And with those words I tempted fate. But more on that later. M went for an exploratory wander and I stretched out on the boat in the sun, while trying to stay out of the wind. It got quite hot. We drank a cheerful glass of red wine each (yes – from a glass – we are so styley) and decided to go on a Walk.

Hlafway through a long walk
 

I wanted to go and coo at the lambs that were sharing a paddock with older sheep and some cows. Of course once I got too near the fence, they all scattered. I was, again, happy that I gave up eating them. Less guilt. Our walk continued. I was looking for treasure. I found two tennis balls – only needed one more for M to be able to juggle. It was only five minutes until I found the necessary third ball, and M obliged me be juggling jubilantly. We found two more tennis balls after that.

The shores of French Island (or the part that we were on) were odd. It seemed as if there might have been a forest right down to the water, because the sand was full of little dead tree trunks. And areas of the sand that looked like rock, were actually some kind of rock-looking squishy bouncy stuff. It was strange. Maybe chicory comes from trees…

[Minor tangent: I just googled and it appears that ‘The island’s mangroves were burned in the 1840s for reduction to barilla, a plant ash rich in soda and potassium which was used in the production of glass and soap. However, heavy rains washed away most of the ash and the endeavour was abandoned.‘ ]

OK. Glad I sorted that out. Here are some pictures from our walk.

French Island Rockpool
 
French Island eucalypts
 
Sticks in the sand
 
French Island: Old chicory kiln
 

It was quite hot, although still fairly windy, but by the time we made it back to the boat everything had slackened off. I went back to my book, while M went on a solitary jaunt toward Tortoise Head. But not before some tea.

Making tea.
 

It began to get dark. And this is where I come back to my marvellous idea of mooring the boat high and dry. Because as the dusk set in, so did the MOSQUITOS. Not normal small urban mosquitos, but large, swamplike creatures that had been waiting ten years for flesh. Not hordes, just a small, SAS-like battalion. They were ruthless and determined. I dressed myself so that the only things touching the air were my hands and face. I ran up and down the boat in a kind of perpetual motion. We had no insect repellant. I cursed the lack of Bushman. I stood looking down at a nearby little rock, willing the tide to give me some indication it was coming in. Never had a tide taken so long.

All I had with me that I thought mosquitos woundn’t like was some lavender oil. So I lit our little candle lantern, dabbed oil on the top and huddled over the fumes. I became miraculously mosquito free! We then basted M and the boat in lavender oil, so much so that if anyone had stumbled upon us, we would have been mistaken for feral aromatherapists. And still we waited. It was like watching a kettle boil. M tried to haul us out using the anchor, but the boat would not budge. So we both went for a dusky walk toward Tortoise Head. Keeping a nervous glance up our sleeve for the nearly floating boat.

OK, by now it’s dark. M had taken a compass bearing on the far side of the deepwater channel that began about five metres out. We aimed, when we finally floated free, to anchor in the channel so that we wouldn’t wake up high and dry all over again. FINALLY the tide came in enough for Hoo-Ray! to float. We each grabbed a plastic oar and paddled. Paddled hard. M kept and eye on the GPS and after 100 meters dropped the anchor over the side. The anchor rope played out a long way, which seemed to indicate that we’d been successful.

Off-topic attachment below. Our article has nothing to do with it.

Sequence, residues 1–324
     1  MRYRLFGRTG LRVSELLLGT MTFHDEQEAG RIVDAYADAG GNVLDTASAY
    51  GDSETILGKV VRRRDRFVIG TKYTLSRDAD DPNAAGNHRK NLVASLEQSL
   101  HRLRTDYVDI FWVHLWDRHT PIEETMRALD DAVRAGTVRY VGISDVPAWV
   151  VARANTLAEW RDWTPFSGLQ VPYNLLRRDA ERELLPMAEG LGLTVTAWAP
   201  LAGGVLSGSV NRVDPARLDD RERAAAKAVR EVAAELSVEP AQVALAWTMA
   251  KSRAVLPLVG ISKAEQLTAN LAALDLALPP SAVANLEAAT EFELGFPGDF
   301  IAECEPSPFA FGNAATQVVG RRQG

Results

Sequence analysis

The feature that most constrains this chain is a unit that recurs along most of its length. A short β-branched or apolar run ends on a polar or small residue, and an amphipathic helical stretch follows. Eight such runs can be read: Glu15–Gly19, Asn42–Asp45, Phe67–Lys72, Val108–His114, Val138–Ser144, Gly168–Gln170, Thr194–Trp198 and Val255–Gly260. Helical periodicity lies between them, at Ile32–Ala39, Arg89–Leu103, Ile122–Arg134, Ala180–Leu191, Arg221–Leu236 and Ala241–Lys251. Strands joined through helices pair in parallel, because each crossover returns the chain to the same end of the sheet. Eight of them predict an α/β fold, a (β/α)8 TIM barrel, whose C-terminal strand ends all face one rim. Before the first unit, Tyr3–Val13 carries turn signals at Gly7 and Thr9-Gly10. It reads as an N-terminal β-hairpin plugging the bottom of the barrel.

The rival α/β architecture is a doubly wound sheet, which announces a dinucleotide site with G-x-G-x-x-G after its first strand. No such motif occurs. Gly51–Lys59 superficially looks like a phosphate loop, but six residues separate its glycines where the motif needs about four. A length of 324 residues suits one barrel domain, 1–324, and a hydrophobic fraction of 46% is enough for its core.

Further away from the beach it was a trifle more breezy and the mosquitos dissapated quickly. Such relief. M cooked up some pasta and added in the pesto he had made before we set out. With the addition of cherry tomatos, it was the most divine dinner of our sailing adventure, and blew the restaurant meal of the night before out of the water. We drank some red, ate some tim-tams and went to bed, hoping we would still be afloat in the morning.

We were…

Waking Up
 

The Sea Adventure: The 3rd Day

We awoke in the morning to find ourselves thankfully in the middle of the 30m wide channel. The sky was blue and the wind cold. The wind had been offshore all night, and as the channel ran quite close to shore, it had been a quiet sleep. M ripped out another wonder-breakfast; this time porridge with brown sugar and cups of tea.

I had almost begun to get used to weeing in a bucket, although I would shoo M to the other end of the boat and instruct him to look valiantly out to sea until the bucket and I were done. We motored for about ten minutes to get Hoo-Ray! into the right position to go close around Tortoise Head. We were aiming for Tankerton Jetty on French Island where the ferry from Phillip Island docks. The plan was to then hire bicycles and see a bit of the island, however, I was a bit dubious about this, as riding bicyles into strong wind up hills didn’t sound like the most fun we had ever had.

The scenery along the way was amazing. Lots of wind generators (as French Island has no mains power) and old farmhouse looking buildings. Cliffs. Once we left the shelter of Tortoise Head the ocean swell kicked in, as did a five foot wind swell from another direction. Things got rough and pokey. It was almost a repeat of our previous experiences, and was a little wearing.

We could see all the unregistered cars left in the car park and bashed our way toward land in about 25 knots, only to find the jetty swamped by waves.It became obvious that there was no way were were going to be able to tie up and land. We gave up and turned around to an easier point of sail. We headed for Cowes.

Slapped our way back through the rough water off Tortoise Head and then a fast sail (for little 16′ HooRay!) on a beam reach all the way to Cowes (can you tell that my prose has been edited for sailing cred by M?). The more wind there was, the more I was unable to fathom how anyone could liveaboard for any length of time. I found it impossible to go below for any reason, let alone read maps or contemplate making a cup of tea. The only way I’ll be a cruiser is on a large multihull, thanks for asking.